The U.S. Open, the last of the tennis year’s four majors, is powering its way to the finals, and I’m psyched.
Tennis is an intense human drama that showcases the psychology of winning — belief in self, winning through intimidation, body language, gamesmanship, positive self-talk, courage, and reaching deep past pain and fatigue to tap the will to win.
It’s not surprising as a couples therapist I would remark on the irony of tennis’s scoring where zero (“love”) literally means “nothing”. The phraseology’s origin is unclear. Some cite the similarity of a zero’s shape to an egg (the French word is l’oeuf) while it’s also been said that “love of the game” or playing for love is what’s being referenced.
Apply tennis’ meaning of love to relationships’ meaning. How incongruous to say that love is nothing! That a feeling that surpasses everything, that defies explanation, and that transcends other emotions in its saving grace is nothing. Unlike tennis, healthy couples love doesn’t count winners or losers, nor does it strategize another’s defeat.
Love doesn’t take sides. The best duos are dynamic for years, honing skills through practice practice practice, all the while getting closer and closer. Relationship longevity is the result.
The problem for many couples is knowing what to do to have things be better between them. After all, what they’ve done so far often makes things worse.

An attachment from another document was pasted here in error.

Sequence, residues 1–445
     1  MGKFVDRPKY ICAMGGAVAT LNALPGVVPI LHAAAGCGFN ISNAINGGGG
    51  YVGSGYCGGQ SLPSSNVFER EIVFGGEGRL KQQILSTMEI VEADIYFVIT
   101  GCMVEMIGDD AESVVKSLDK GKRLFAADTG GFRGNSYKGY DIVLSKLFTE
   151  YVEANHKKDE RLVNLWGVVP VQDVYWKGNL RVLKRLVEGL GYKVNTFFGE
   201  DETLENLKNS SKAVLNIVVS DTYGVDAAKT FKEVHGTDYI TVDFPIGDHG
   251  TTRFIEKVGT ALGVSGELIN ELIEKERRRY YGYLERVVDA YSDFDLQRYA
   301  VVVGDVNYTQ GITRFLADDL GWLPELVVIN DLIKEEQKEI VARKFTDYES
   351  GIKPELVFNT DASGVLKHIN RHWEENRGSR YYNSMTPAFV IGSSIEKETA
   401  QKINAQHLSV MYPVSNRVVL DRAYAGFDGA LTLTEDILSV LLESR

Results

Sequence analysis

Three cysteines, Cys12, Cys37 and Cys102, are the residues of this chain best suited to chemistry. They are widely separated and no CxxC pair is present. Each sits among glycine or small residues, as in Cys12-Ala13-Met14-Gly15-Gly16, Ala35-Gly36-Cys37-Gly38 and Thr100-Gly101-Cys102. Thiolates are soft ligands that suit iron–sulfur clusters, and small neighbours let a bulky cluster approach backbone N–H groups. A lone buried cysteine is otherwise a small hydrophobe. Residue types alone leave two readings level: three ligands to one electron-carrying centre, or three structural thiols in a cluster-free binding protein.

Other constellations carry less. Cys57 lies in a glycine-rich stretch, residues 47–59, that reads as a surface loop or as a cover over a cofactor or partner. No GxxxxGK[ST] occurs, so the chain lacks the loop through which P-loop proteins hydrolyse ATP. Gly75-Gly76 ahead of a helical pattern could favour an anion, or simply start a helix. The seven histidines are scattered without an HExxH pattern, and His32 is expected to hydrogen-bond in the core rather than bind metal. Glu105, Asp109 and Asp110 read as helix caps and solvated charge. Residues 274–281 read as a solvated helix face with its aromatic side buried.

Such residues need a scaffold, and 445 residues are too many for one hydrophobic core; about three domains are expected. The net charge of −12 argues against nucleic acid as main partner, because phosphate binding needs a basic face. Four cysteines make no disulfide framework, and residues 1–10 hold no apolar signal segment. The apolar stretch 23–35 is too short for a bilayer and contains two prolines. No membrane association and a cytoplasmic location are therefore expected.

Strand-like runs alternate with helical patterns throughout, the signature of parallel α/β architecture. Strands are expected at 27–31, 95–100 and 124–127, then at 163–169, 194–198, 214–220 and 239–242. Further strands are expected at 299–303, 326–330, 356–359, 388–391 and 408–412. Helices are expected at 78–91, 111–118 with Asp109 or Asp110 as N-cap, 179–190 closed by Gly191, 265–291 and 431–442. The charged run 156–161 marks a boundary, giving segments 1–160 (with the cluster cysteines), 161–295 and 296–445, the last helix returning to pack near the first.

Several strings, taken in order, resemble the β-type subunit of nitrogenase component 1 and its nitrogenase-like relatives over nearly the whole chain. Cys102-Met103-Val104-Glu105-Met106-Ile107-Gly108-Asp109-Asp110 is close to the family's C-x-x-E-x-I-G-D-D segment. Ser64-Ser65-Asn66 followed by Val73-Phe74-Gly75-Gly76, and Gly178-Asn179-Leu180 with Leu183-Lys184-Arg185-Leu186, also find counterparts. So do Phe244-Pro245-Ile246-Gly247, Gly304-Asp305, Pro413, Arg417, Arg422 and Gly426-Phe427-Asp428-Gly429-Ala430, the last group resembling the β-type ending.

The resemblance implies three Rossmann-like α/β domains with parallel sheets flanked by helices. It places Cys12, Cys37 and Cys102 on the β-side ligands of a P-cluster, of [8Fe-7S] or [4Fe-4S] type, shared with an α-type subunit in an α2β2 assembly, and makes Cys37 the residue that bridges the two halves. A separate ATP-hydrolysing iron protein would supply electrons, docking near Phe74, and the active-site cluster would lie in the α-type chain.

Both partners absolutely need to learn the basic skills that account for fruitful communication. Without it, a relationship’s foundation is incomplete, shaky, bound to crumble under the weight of all that happens in a couple’s life together. Couples have many choices when it comes learning communication skills. Along the Denver/Colorado Springs corridor one example is the Couple Communication Workshop offered by Being Heard, a program unique in having a husband and wife team as instructors.
In a beguiling contrast to singles competition, partners in doubles — two partners competing against each other — is very much like romantic love. Togetherness has great purpose and meaning; there’s a full and expressed range of emotional intensity that includes joy, disappointment, and frustration; and having your partner’s back is the way it’s supposed to be.
Kathe Skinner specializes in couples work as a psychotherapist in private practice. These days the only tennis ball in her life belongs to the dog next door. Married for 29 years to David, another fan of “love”, they live in Colorado Springs with two hooligans cats who couldn’t tell a Venus from a Serena.
Being Heard, LLC